Journal cover Journal topic
Web Ecology An open-access peer-reviewed journal
Journal topic
Volume 7, issue 1
Web Ecol., 7, 1–10, 2007
https://doi.org/10.5194/we-7-1-2007
© Author(s) 2007. This work is distributed under
the Creative Commons Attribution 3.0 License.
Web Ecol., 7, 1–10, 2007
https://doi.org/10.5194/we-7-1-2007
© Author(s) 2007. This work is distributed under
the Creative Commons Attribution 3.0 License.

  14 Feb 2007

14 Feb 2007

How tall is an elephant? Two methods for estimating elephant height

F. Della Rocca F. Della Rocca
  • Dipt. di Biologia Animale e dell’ Uomo, Univ. di Roma “La Sapienza”, viale dell’ Università 32, 00100 Roma, Italy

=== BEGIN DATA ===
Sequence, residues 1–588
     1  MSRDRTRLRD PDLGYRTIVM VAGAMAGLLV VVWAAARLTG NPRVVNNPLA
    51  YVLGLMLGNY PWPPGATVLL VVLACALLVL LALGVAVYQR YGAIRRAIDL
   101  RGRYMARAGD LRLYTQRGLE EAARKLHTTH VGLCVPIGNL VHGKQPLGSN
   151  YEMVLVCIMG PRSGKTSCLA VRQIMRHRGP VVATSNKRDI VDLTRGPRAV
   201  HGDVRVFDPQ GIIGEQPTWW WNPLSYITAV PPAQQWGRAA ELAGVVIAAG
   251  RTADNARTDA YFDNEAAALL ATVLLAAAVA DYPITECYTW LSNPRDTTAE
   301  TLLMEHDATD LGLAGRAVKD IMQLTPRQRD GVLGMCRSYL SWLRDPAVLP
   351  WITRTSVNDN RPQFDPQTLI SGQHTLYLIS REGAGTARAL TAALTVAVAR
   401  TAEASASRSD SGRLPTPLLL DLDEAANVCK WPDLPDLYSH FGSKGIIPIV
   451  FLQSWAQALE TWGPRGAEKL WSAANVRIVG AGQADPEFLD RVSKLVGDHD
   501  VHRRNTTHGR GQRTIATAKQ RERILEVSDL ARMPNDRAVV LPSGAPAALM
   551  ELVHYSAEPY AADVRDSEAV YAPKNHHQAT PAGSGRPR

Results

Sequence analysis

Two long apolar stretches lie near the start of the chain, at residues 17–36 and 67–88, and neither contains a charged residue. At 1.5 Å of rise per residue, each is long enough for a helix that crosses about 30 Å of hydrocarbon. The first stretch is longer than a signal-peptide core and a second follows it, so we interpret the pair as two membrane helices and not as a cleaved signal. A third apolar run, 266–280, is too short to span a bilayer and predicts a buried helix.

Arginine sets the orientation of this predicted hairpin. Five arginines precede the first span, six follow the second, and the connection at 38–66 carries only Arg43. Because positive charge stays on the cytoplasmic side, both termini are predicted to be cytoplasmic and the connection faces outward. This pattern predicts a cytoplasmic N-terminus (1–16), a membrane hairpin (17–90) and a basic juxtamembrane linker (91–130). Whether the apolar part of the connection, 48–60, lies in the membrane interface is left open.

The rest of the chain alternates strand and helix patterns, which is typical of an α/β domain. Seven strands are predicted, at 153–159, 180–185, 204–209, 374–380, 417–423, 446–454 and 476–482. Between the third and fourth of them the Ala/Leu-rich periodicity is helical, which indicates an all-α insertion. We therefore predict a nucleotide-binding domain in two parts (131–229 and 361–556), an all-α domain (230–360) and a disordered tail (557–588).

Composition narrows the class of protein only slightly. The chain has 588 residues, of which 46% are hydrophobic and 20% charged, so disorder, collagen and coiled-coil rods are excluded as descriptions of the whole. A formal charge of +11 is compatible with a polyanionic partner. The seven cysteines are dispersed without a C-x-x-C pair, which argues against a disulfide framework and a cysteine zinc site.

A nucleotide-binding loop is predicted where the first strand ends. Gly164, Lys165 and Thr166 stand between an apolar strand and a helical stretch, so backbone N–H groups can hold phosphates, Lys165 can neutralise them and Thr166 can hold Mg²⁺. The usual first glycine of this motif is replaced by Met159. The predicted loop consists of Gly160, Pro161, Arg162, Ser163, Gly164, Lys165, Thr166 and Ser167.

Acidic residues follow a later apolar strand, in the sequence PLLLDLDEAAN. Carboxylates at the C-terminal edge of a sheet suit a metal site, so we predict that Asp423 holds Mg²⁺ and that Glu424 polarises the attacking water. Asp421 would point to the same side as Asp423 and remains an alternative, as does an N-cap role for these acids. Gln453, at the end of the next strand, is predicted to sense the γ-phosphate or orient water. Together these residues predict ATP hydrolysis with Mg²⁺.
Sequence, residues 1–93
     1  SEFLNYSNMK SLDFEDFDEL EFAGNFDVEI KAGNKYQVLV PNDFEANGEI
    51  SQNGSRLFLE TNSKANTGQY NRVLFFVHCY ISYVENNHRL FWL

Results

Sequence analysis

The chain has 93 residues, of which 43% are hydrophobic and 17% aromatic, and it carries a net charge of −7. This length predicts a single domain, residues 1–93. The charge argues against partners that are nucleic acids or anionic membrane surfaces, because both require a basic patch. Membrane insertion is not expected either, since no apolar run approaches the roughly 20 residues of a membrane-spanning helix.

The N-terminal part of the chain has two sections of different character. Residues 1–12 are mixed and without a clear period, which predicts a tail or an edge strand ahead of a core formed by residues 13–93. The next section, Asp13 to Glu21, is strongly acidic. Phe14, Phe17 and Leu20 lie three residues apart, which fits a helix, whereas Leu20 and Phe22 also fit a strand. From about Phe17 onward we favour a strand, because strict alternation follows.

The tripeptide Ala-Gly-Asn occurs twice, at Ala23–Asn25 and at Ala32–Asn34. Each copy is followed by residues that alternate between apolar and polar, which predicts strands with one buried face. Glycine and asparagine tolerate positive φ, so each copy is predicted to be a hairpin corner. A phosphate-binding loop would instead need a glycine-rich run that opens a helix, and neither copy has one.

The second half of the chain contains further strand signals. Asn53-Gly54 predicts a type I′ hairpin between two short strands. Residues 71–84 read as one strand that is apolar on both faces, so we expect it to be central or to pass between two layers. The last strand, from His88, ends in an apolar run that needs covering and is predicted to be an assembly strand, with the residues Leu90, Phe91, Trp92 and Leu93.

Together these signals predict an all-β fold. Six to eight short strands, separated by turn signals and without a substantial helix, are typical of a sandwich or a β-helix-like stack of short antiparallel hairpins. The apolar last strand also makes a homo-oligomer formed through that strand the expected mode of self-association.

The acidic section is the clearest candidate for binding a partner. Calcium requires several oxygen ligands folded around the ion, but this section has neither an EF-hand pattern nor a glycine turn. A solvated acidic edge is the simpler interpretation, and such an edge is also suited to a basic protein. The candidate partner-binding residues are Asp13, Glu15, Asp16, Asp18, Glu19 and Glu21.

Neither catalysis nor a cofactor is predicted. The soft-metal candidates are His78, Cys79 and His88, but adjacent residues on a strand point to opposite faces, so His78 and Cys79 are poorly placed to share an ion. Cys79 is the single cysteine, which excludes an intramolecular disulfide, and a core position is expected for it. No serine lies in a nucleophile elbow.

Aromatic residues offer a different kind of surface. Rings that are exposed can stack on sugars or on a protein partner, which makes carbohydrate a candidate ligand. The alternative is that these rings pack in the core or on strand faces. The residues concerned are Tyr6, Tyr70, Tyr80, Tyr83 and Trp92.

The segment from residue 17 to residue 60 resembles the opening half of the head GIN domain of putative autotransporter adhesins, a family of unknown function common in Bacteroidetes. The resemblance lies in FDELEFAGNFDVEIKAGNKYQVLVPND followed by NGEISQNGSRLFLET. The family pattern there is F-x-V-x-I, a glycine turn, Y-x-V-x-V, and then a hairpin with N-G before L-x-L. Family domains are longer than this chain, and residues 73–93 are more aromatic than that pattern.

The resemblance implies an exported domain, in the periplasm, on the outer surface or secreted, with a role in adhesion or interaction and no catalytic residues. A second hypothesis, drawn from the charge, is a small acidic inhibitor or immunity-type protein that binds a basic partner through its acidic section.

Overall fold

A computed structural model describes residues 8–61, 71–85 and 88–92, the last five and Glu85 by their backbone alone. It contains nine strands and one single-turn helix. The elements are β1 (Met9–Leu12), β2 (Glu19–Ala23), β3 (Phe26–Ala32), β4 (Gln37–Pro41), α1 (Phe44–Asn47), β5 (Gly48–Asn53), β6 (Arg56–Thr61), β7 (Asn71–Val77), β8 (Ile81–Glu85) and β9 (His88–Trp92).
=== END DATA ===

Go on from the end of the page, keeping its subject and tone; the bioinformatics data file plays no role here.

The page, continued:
Abstract. Shoulder height is a reliable indicator of age for African elephants (Loxodonta africana), and is therefore an important parameter to be recorded in field studies of population ecology of these pachyderms. However, it can be somewhat difficult to estimate with precision the shoulder height of free-ranging elephants because of several reasons, including the presence of drops and vegetation cover and the potential dangerousness of approaching them in the wild. Here I test two alternative models for estimating shoulder height of elephants. In both models, the equipment needed to generate the height estimates is minimal, and include a telemeter and a digital photo-camera furnished with an ×16 zoom. The models are based respectively on a linear regression approach and on a geometric formula approach, and put into a relationship the linear distance between the observer and the animal, the number of pixels of an elephant silhouette as taken from digital photos, and the absolute height of the animal. Both methods proved to have a very small measurement error, and were thus reliable for field estimates of elephant shoulder heights. The model based on a geometric formula was used to estimate the shoulder height distribution of an elephant population in a savannah region of West Africa (Zakouma National Park, Chad). I demonstrated that Zakouma elephants were among the tallest populations in Africa, with growth rates being highest throughout the first five years of life.

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